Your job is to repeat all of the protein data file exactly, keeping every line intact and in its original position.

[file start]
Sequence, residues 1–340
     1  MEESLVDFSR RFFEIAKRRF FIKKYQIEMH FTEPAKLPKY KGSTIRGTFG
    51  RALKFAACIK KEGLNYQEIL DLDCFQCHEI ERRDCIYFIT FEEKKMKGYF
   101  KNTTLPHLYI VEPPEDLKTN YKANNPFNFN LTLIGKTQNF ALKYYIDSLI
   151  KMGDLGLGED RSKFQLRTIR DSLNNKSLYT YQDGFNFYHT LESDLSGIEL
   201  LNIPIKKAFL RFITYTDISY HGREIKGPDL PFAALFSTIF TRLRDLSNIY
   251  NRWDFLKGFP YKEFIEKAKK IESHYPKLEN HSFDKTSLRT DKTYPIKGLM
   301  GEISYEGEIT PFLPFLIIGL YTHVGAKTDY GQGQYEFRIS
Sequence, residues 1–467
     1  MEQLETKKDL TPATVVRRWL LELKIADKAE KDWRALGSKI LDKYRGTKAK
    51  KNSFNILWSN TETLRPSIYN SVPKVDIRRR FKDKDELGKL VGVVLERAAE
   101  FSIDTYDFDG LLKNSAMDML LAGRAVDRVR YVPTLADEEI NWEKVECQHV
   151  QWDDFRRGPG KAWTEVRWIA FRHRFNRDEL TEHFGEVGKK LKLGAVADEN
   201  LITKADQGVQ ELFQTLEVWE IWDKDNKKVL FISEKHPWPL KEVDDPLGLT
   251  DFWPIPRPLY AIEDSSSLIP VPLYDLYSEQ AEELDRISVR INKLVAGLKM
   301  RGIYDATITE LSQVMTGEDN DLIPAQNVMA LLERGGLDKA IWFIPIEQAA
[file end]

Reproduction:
Sequence, residues 1–340
     1  MEESLVDFSR RFFEIAKRRF FIKKYQIEMH FTEPAKLPKY KGSTIRGTFG
    51  RALKFAACIK KEGLNYQEIL DLDCFQCHEI ERRDCIYFIT FEEKKMKGYF
   101  KNTTLPHLYI VEPPEDLKTN YKANNPFNFN LTLIGKTQNF ALKYYIDSLI
   151  KMGDLGLGED RSKFQLRTIR DSLNNKSLYT YQDGFNFYHT LESDLSGIEL
   201  LNIPIKKAFL RFITYTDISY HGREIKGPDL PFAALFSTIF TRLRDLSNIY
   251  NRWDFLKGFP YKEFIEKAKK IESHYPKLEN HSFDKTSLRT DKTYPIKGLM
   301  GEISYEGEIT PFLPFLIIGL YTHVGAKTDY GQGQYEFRIS
Sequence, residues 1–467
     1  MEQLETKKDL TPATVVRRWL LELKIADKAE KDWRALGSKI LDKYRGTKAK
    51  KNSFNILWSN TETLRPSIYN SVPKVDIRRR FKDKDELGKL VGVVLERAAE
   101  FSIDTYDFDG LLKNSAMDML LAGRAVDRVR YVPTLADEEI NWEKVECQHV
   151  QWDDFRRGPG KAWTEVRWIA FRHRFNRDEL TEHFGEVGKK LKLGAVADEN
   201  LITKADQGVQ ELFQTLEVWE IWDKDNKKVL FISEKHPWPL KEVDDPLGLT
   251  DFWPIPRPLY AIEDSSSLIP VPLYDLYSEQ AEELDRISVR INKLVAGLKM
   301  RGIYDATITE LSQVMTGEDN DLIPAQNVMA LLERGGLDKA IWFIPIEQAA